WEGA in the North West United States
May 29th to June 11th 2016
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The initial part of the route is across Quaternary sediments and volcanics, and from just before Pendleton on I84 it crosses onto the CRB. In the area around Baker City, I84 climbs into the Blue Mts, which is an inlier of Palaeozoic and Mesozoic rocks that is part of the Baker terrane. This was a subduction accretionary complex accreted to the western continental edge. Crossing into Idaho near Ontario the route is on mainly Quaternary sediments of the Snake River valley, with the Sawtooth Mts lying northeast being part of the massive Idaho Batholith The Idaho Batholith is a Cretaceous granite and granodiorite complex covering ~ 35,000 km2; it is roughly 320 x 120 km wide. There are the Atlanta and Bitterroot Lobes separated by Middle Proterozoic Belt Supergroup metamorphic rocks. The Atlanta lobe is older, 100 to 75 Ma, while the Bitterroot lobe is mainly 85 to 65 Ma. The complex is built up of multiple intrusions formed as a result of the massive Cretaceous subduction resulting in partial melting of the overlying mantle and then melting of the leading edge of the Precambrian continental edge.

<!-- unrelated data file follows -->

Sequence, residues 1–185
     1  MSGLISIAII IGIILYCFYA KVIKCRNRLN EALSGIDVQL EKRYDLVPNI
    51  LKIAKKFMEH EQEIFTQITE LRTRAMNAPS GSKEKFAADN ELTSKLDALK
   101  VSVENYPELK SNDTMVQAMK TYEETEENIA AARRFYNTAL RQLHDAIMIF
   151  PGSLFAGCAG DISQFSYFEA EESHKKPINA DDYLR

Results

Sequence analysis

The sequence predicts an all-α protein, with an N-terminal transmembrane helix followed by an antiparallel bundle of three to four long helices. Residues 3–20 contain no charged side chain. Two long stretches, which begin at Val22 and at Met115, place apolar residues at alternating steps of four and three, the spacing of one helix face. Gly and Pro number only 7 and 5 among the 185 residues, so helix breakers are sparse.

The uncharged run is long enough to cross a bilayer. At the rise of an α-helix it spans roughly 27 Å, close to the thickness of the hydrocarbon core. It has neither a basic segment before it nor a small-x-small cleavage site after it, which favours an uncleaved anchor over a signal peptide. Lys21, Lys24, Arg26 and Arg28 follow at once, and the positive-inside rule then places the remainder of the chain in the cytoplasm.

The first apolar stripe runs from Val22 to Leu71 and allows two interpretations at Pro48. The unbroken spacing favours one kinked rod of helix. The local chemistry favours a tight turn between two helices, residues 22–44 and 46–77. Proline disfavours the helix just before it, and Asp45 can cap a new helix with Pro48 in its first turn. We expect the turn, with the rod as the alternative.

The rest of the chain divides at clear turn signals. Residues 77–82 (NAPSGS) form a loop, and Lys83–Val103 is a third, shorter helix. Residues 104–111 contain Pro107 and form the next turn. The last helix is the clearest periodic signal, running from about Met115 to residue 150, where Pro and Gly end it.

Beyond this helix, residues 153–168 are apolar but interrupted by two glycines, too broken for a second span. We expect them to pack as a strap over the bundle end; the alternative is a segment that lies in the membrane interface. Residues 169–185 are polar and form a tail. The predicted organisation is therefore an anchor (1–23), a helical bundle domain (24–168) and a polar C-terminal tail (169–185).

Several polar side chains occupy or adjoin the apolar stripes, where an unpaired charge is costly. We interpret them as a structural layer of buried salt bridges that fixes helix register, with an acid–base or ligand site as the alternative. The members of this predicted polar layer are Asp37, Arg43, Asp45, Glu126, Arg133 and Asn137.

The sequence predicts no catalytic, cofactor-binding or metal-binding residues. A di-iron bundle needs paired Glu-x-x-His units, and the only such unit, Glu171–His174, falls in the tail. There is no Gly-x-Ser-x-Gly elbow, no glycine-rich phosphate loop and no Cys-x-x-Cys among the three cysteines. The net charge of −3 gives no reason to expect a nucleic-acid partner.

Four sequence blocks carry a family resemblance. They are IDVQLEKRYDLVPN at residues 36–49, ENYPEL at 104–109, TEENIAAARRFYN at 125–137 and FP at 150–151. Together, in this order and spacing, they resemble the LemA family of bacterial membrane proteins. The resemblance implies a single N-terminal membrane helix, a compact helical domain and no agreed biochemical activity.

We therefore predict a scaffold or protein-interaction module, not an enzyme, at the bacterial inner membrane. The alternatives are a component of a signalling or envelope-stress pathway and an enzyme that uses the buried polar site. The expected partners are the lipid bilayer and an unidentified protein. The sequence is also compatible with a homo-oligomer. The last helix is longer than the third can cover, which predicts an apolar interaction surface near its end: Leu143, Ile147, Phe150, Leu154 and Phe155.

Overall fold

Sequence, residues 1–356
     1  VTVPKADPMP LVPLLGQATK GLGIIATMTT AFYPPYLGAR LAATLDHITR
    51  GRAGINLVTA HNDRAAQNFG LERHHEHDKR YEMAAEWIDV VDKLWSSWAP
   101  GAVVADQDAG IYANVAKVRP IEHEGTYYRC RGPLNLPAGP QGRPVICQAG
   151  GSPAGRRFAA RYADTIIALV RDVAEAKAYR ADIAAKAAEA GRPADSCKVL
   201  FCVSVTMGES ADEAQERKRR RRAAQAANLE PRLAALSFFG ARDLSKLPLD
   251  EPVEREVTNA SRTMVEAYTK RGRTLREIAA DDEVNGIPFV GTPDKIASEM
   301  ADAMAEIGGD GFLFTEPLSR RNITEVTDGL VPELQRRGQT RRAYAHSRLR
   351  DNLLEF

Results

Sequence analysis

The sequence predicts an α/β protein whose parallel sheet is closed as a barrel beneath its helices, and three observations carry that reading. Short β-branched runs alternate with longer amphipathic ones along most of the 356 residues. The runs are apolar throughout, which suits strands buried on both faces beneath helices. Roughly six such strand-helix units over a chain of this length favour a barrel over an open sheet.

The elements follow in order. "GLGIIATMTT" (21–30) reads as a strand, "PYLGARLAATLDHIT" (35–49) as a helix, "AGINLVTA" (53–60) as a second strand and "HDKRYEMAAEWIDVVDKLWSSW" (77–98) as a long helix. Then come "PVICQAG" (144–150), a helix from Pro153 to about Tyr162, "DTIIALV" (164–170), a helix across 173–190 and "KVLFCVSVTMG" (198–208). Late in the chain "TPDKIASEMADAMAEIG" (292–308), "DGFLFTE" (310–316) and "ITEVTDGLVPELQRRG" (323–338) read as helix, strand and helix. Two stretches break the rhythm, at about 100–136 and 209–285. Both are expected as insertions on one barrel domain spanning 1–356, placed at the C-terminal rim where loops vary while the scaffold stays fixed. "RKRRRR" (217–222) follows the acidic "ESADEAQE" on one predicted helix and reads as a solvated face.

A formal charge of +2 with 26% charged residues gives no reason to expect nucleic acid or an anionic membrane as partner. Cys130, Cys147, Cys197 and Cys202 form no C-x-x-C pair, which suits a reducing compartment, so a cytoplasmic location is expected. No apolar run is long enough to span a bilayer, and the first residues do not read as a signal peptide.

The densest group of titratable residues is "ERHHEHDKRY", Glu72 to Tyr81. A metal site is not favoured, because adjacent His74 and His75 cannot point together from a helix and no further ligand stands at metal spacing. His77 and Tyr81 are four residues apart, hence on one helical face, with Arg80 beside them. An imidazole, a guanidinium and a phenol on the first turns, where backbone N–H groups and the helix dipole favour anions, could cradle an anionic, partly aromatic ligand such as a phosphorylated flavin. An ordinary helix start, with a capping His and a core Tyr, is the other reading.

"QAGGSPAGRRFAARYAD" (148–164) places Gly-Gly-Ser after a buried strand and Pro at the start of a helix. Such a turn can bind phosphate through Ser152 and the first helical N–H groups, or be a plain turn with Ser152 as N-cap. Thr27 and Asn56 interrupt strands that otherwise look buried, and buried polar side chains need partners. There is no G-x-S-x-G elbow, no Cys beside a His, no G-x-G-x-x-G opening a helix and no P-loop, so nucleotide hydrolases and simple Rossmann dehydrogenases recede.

The route taken along I4 on Day 4, and then northeast along the Snake River Plain on Day 5 roughly follows the Oregon trail. This trail is a 2,200 mile, large-wheeled track that started in Kansas City and ended near Portland, and represents the first land route across the USA. The foundation for the route was started by the 1804-1806 Lewis and Clark expedition, which was charged with finding a water passage between the Missouri river and the Pacific ocean. Their outbound journey across the Rocky Mountains went through the Lemhi and Lolo passes which were
much too extreme to allow passage of wagon trains. Their return journey followed a faster and shorter route from the Columbia river southeast to the Snake River plain, although it was still very rough for wagons, and with the lands under the control of the Blackfoot tribe. Later exploration by mountain men and fur traders did eventually discover a better route across the Rocky Mts and the continental divide by finding South Pass, a “low” (7,412’) saddle in SE Wyoming. The epoch of this trail (and various offshoots) was 1846 – 1869, when it is estimated that some 400,000 people followed the trail. In places the trail is still marked by traces of thousands of wagon wheel tracks and animal hooves carrying the goods of the pioneers to the Pacific Northwest.
The Oregon Trail Interpretive Center features 12,000 square feet with life-size trail dioramas, replica wagons, and authentic artifacts, and the experiences of preparing for the journey, life on the trail, interaction between emigrants and natives, dangers and challenges, settlement and homesteading in Oregon. Photographs and artwork tell the story of the pioneers and the political and social background of the westward migration. Quotes pulled from the diaries of Oregon Trail emigrants are interwoven through the exhibit, using the words of the pioneers to describe the trek west.
There are approximately 13 miles of Oregon Trail wagon ruts along Virtue Flat that are visible from Flagstaff Hill. One mile of well-preserved ruts lie on the Interpretive Center grounds, and are accessible by the trails or from a turnout on Highway 86 about a half-mile west of the Center's entrance.